Employers: Get Back to Business Through Co-Working, Not the Office

The Professional Centre “Coworking Spaces in Downtown Toronto”. (Image Source: The Professional Centre).

Geometry: Posture

Steelcase’s model calls for varied micro-workspaces, such as couches, seated and standing desks, and high-seats. These variations allow for workers to take different “postures” catering to their individual work styles. Additionally, many of these postures are portable, providing flexibility and distance in coworking spaces because of the geometry and versatility of furniture. Traditional office spaces make this difficult to achieve as desks and cubicles aren’t as easy to rearrange, and in some cases, are bolted to the floor!

Employers: Get Back to Business Through Co-Working, Not the Office

Turnstone “How to Design a Coworking Space”. (Image Source: Turnstone).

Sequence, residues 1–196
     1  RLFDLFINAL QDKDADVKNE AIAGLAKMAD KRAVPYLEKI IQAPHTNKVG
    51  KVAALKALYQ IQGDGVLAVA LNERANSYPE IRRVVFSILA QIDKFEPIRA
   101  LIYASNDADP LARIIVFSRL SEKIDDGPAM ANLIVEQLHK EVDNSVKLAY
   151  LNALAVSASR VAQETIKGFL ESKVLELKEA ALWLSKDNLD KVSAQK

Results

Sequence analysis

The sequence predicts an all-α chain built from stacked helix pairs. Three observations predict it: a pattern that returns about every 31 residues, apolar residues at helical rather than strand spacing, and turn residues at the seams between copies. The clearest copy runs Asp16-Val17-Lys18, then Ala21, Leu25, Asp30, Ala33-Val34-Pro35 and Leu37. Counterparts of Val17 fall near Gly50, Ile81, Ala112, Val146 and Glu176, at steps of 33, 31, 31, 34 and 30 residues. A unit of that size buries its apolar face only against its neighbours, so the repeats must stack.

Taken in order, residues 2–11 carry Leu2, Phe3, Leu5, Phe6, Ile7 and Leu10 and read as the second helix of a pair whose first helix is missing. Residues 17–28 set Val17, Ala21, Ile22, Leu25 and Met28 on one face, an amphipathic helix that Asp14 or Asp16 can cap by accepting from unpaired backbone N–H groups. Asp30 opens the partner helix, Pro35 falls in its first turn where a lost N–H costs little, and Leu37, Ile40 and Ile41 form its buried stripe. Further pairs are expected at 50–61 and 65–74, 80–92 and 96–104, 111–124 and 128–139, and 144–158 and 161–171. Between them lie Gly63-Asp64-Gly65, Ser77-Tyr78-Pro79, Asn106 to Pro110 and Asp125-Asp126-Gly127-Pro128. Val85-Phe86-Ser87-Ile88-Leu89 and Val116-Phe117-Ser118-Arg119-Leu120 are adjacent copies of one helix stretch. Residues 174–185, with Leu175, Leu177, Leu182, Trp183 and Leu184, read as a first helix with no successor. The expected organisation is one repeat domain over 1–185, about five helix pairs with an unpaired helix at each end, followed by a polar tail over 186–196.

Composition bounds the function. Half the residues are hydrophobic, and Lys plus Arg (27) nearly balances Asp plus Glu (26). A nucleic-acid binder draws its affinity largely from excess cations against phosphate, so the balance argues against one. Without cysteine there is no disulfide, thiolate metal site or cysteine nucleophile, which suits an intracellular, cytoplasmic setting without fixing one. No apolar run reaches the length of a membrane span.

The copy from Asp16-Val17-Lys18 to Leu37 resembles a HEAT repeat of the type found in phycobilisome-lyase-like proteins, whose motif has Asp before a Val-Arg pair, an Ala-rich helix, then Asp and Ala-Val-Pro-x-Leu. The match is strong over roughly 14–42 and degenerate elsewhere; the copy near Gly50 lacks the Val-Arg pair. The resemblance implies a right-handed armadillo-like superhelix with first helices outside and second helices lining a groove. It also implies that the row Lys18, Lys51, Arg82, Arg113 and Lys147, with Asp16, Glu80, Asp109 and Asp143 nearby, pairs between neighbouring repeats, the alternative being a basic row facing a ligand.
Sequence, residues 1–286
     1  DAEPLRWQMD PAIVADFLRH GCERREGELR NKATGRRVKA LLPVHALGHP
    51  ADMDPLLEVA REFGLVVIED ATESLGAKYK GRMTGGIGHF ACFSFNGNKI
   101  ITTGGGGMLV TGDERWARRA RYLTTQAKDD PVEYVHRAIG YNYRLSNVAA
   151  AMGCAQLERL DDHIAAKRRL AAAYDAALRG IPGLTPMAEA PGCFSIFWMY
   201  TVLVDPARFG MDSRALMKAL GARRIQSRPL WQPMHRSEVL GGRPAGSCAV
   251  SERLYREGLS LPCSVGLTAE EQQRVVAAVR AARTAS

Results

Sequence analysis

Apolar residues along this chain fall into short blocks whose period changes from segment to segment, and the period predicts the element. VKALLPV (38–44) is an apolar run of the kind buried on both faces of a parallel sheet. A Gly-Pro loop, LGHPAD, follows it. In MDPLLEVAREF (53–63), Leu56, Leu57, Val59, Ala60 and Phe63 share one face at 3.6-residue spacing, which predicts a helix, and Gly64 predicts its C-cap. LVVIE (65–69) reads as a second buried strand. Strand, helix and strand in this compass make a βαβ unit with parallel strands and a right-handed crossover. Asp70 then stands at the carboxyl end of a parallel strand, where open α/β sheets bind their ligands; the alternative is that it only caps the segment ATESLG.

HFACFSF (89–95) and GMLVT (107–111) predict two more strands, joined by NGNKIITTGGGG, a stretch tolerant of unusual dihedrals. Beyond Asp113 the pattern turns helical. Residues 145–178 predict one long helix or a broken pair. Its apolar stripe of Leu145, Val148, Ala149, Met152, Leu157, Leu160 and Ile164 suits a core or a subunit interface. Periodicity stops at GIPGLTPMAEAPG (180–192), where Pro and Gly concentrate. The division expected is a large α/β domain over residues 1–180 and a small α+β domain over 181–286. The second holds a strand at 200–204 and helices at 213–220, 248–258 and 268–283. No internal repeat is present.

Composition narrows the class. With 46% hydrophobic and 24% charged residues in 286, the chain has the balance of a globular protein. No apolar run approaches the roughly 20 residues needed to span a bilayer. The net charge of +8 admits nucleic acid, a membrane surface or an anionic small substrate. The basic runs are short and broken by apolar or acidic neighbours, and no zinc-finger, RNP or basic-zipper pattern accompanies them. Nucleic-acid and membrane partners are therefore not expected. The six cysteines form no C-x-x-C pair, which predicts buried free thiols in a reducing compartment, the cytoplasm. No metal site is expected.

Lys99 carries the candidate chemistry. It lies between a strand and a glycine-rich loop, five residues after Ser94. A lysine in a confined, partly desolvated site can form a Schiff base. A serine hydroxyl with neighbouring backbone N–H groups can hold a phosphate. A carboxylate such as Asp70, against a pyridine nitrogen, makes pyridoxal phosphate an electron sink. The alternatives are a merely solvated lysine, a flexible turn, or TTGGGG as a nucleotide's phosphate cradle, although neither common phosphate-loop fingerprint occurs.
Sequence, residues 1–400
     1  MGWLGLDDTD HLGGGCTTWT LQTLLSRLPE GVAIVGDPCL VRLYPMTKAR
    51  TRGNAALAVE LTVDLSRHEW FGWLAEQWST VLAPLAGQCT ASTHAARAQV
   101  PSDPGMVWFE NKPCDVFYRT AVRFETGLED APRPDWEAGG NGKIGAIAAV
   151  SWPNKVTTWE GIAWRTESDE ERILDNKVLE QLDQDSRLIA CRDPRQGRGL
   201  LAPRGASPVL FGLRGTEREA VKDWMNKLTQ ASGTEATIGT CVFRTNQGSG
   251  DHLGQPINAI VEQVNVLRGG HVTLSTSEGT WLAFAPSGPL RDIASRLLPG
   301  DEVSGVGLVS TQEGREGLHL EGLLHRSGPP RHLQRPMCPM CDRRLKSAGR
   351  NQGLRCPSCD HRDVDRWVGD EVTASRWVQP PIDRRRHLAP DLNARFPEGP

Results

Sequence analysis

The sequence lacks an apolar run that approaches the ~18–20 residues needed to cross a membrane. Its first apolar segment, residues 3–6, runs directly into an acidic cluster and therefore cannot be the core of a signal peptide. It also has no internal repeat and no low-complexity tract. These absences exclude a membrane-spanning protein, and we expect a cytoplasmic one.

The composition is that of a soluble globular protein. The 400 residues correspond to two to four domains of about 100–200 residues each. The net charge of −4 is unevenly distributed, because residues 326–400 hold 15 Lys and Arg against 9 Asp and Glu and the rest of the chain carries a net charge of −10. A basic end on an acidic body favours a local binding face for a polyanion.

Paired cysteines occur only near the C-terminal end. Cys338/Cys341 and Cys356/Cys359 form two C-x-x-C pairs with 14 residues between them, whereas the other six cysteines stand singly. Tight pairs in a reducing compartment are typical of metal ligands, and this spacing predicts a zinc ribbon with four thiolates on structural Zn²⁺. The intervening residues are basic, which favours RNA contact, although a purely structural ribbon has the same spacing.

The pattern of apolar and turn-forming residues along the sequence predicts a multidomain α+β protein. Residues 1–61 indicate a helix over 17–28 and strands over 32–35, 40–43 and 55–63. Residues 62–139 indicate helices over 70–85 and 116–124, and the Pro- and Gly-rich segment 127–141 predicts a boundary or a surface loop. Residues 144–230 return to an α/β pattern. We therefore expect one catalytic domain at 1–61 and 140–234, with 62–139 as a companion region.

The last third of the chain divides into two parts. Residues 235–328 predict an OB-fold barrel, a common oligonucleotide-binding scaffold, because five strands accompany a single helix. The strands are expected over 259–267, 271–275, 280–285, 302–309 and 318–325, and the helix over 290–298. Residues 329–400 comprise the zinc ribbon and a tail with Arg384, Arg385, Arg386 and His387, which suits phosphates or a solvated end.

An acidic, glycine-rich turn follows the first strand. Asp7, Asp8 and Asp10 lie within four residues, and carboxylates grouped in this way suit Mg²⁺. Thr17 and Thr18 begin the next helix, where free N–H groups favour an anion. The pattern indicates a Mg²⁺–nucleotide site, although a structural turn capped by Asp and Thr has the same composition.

What Else Can Coworking Offer to Employees?

Harvard Business Review researchers studied how employees thrive in the workplace. The researchers were surprised to discover that individuals who worked in coworking spaces reported having a 6 out of 7 on a “thriving point scale”. This number is at least one point higher than the average employee who works within a traditional office space. So, besides condensing the timeline for reuniting in person than what a traditional office, what makes the membership-based, communal space so effective?

  1. Networking and Collaboration